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Plymouth Cold War museum plan overcomes first hurdle

19 November 2020
The team behind a Cold War museum in Plymouth are to press ahead with the ten-year project after meeting their first goal.

The public has donated the £40,000 needed to carry out a detailed study into whether the ambitious plan – with veteran hunter-killer nuclear submarine HMS Courageous as its centrepiece – is feasible.

Rear Admiral John Weale – head of the Silent Service until earlier this year and now heading the team behind the ‘Cold War Centre’ – said that since announcing the plans in September, the level of interest in the museum project had “far exceeded expectations”.

Two thirds of the donations – anywhere between £5 and £500 – has come from individuals, many of them Cold War veterans, especially from the Submarine Service, with defence firms providing the remaining cash.

“We are delighted that the bulk of the money has come from the Royal Navy community,” said Ian Whitehouse, former commanding officer of Cold War submarines HMS Onyx and Sovereign.

“We feel this is an era which needs to be recognised beyond the few flashpoints that people might remember, such as the Greenham Common protests.

“The Plymouth Cold War Centre is about telling the story of the ‘war’ we went to sea in, which RAF aircrew flew in, which soldiers in Germany and Royal Marines in Norway trained and served in.”

We feel this is an era which needs to be recognised beyond the few flashpoints that people might remember

Ian Whitehouse

A small team will now work with the MOD, National Museum of the Royal Navy, Plymouth City Council and industry to draw up detailed plans, costings – short and long-term – and the likely benefits of the centre.

Beyond boosting tourism in the South West and shedding light on a period of UK and global history which is eclipsed by the two world wars, one key goal of the centre is to champion British industry past and present in developing the cutting-edge technologies needed to keep the nation’s armed forces ahead of their adversaries – hopefully stimulating tomorrow’s engineers, designers and tech advocates.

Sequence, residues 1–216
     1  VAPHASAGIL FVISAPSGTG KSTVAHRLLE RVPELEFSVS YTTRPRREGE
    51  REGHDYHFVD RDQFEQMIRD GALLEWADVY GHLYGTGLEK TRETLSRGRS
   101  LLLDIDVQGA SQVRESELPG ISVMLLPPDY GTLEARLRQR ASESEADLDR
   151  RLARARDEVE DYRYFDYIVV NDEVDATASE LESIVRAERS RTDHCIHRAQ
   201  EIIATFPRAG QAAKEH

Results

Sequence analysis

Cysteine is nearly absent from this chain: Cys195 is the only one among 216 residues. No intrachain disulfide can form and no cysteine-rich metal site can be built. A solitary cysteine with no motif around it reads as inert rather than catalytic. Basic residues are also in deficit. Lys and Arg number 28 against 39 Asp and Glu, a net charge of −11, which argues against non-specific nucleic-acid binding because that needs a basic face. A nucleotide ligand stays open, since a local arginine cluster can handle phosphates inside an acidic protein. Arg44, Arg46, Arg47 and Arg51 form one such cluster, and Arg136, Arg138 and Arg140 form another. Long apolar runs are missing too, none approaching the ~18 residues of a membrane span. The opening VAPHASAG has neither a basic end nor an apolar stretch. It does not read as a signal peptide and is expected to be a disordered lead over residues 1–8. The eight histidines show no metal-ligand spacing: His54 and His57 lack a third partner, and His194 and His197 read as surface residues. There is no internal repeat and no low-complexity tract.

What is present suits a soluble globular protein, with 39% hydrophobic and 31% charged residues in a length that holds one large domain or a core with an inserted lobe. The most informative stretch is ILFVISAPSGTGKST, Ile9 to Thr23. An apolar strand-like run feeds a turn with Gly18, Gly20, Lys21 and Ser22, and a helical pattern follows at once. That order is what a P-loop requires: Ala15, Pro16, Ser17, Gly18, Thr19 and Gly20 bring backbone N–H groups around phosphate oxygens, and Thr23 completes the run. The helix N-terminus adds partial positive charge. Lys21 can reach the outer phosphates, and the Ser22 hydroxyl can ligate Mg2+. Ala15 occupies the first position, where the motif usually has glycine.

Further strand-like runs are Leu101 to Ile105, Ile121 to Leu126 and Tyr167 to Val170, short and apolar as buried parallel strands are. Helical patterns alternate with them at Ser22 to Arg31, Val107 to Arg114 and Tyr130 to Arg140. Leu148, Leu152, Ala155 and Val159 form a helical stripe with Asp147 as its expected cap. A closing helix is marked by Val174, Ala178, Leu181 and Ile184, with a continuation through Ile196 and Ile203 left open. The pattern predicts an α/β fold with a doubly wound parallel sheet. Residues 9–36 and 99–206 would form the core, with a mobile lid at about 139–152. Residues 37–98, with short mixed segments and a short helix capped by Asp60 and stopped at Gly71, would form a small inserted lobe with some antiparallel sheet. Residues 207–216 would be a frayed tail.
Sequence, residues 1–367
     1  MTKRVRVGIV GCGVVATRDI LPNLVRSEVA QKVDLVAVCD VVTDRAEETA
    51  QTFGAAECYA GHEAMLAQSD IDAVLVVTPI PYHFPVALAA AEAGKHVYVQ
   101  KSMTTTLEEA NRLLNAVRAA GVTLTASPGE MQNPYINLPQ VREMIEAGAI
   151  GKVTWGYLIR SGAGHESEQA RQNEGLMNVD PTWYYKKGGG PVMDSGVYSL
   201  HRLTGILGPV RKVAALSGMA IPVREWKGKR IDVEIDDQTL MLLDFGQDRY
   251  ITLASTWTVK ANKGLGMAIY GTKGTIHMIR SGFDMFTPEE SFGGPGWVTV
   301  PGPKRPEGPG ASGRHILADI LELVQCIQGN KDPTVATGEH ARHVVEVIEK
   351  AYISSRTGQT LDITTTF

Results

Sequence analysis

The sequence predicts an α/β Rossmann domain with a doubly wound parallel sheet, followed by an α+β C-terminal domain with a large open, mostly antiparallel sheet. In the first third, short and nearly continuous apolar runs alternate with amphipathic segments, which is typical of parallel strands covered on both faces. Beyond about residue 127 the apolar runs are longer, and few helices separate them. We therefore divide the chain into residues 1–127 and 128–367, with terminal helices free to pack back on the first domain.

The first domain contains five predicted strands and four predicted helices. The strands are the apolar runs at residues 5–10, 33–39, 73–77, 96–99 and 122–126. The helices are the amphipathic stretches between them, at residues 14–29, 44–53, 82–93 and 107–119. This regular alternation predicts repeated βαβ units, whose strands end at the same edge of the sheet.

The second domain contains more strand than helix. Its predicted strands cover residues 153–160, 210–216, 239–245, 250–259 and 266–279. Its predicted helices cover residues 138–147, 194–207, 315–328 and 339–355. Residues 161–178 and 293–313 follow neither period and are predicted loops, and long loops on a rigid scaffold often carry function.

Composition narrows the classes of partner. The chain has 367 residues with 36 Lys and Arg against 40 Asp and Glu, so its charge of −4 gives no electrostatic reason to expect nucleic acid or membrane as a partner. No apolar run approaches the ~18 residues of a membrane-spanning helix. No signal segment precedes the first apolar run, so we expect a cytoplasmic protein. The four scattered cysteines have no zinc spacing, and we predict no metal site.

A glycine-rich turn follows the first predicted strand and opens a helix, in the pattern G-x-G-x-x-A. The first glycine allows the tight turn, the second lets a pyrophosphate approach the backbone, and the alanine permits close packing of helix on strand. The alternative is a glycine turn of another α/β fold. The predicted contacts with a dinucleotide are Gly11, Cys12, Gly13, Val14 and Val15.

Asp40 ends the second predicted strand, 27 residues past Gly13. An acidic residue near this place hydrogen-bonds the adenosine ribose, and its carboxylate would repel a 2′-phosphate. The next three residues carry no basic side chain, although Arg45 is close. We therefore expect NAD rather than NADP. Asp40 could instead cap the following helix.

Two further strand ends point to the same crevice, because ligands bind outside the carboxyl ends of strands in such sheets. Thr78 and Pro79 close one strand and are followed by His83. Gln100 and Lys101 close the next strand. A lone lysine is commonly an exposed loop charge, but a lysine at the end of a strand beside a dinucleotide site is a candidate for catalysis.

Courageous has been opened to the public for nearly two decades pulling in about 5,000 visitors every year.

She’s run on a voluntary basis, access is difficult – for security reasons, tourists have to book well in advance - and, as she’s afloat in No.3 Basin in Devonport Naval Base, she needs to go into dry dock every few years for maintenance and hull cleaning.

The submarine is currently being worked on ready to go back in the water in time for her 50th birthday in the spring, when she’ll re-open to the public.

The detailed study will look at the cost of restoring and maintaining her as the focal point of the Cold War Centre and the location of the supporting museum/archive/research centre – which may be in the naval base, or elsewhere in the city.

That study should be completed in the spring and, if positive, the principal fundraising (including a bid for lottery money) would begin in 2022.

Plans for the centre are running parallel to £300,000 fund-raising efforts for the new Submarine Monument to be erected at the National Memorial Arboretum. Any leftover money from that project will be pumped into the Plymouth museum.

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